We’ve all read it and seen it before. “Our new app is going to be everything to you, it is the NEW solution to every business pain!”
They never tell you that the solution will try to do everything you need, but it will only do it sort of well. Conglomeration of services = the golden chalice of the web. In my early web days we called them portals, but now they are the more fanciful dashboards. Either way you slice it there is a mad rush out there to make the one stop shop for mobile apps, lead generation marketing, web development, etc. Clearly this is successful for many companies out there, but is it what is best for SMBs?
I guess I should back up a bit. What really started me on this rant was seeing that Seesmic just launched a social networking dashboard that will support about FORTY social media plugins. These plugins are customizable and make it easy to monitor communication.¬† I do understand the practicality in having all of your social media managed in one space. However, on the promotion side of things – why would you want to send the same message out to all of your contacts? Talk about too big to fail! One mistake in a headline can get broadcast to thousands at once. If someone is in your Twitterverse, chances are they are also in your FB, foursquare, etc. The conglomeration approach makes for a spammy experience, it almost feels insincere. I will use a real life example to illustrate my point. There is a local wine merchant I really liked when I first moved to California. They were cool down to earth people, knowledgeable, but not snobby about wine – a rare thing in my experience. Anyway, they asked me to join a mailing list so I said sure, why not. Next thing you know we were connected on Facebook, Twitter, LinkedIn, plus the email list, etc. They clearly use a dashboard like Seesmic, Brizzly, or perhaps TweetDeck, because every weekly special was put forth within moments of each other and the messaging was always identical. Eventually I stopped frequenting that wine shop because I felt overwhelmed by their messaging, it felt desperate and too intrusive. They displayed bad netiquette! Even though I was on the road much of the time, I’d gotten sick of them. There is too much of a good thing.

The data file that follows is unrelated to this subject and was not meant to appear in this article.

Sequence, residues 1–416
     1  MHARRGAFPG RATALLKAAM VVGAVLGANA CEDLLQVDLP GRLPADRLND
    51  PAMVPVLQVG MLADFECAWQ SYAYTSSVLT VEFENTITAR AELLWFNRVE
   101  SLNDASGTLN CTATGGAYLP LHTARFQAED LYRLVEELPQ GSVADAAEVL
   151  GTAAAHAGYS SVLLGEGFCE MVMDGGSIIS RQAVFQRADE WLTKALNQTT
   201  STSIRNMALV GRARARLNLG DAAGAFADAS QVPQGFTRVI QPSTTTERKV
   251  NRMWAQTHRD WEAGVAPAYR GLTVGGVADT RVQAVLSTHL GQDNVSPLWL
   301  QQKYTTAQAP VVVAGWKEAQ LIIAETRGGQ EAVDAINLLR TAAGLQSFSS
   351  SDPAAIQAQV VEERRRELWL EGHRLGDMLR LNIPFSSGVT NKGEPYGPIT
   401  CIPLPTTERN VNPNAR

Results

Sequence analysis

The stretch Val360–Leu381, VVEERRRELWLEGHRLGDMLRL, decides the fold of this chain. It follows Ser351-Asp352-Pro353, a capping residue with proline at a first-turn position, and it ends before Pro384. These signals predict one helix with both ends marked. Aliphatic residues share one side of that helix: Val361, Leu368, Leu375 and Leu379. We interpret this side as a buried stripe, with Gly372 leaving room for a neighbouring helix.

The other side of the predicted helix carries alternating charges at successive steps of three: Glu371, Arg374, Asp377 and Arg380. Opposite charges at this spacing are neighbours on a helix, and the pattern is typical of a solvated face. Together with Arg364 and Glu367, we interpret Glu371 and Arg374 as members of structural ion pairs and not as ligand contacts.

The scatter shot approach to marketing works best if you are either super interesting or have a massive following or both. Philosophically it sounds ok to centralize your communication tools. It seems like a time saver to use these apps. HOWEVER, when actually trying to do something custom rather than just blast it out carte blanche I think swiss army knives lose. A swiss army knife of years past would be the aforementioned online community / portal rush. About five or six years ago everyone and their mother wanted to build a web community. I helped build a few in my day. I helped to build a great community for a large corporation. Our community did instant messaging, calendaring, document sharing and all sorts of cool things. Unfortunately only about 3% of the features we worked so hard to build were actually ever used. And the rest seemed to be riddled with issues. What was the advantage of uploading a document to a forum rather than just send it to people via email? At that point the whole SaaS ‘n PaaS revolution was a distant dream. We wanted to collaborate but then we got so lazy. Maybe it was apathy?
Without a consistent flow, too many tools and features will only confuse people. Catch all solutions make for catch all results. PURLS and first name insertion will get you so far, but people know when they are in the meat grinder.
That’s why with FinalApproach we decided very early on that it would do one thing and do it well: build landing pages effectively! We aren’t trying to be like Genius, Eloqua or Omniture. We are an almighty web hammer, knocking out a serious business problem that affects small business owners every day. We are not the swiss army knife solution and we’re pretty OK with that. Our clear intentions provide clear results.
P.S. For the record I do own a victorinox swiss army knife that I love. Not trying to be difficult, but in the many years I have owned the gadget, only the screw driver has seen any action…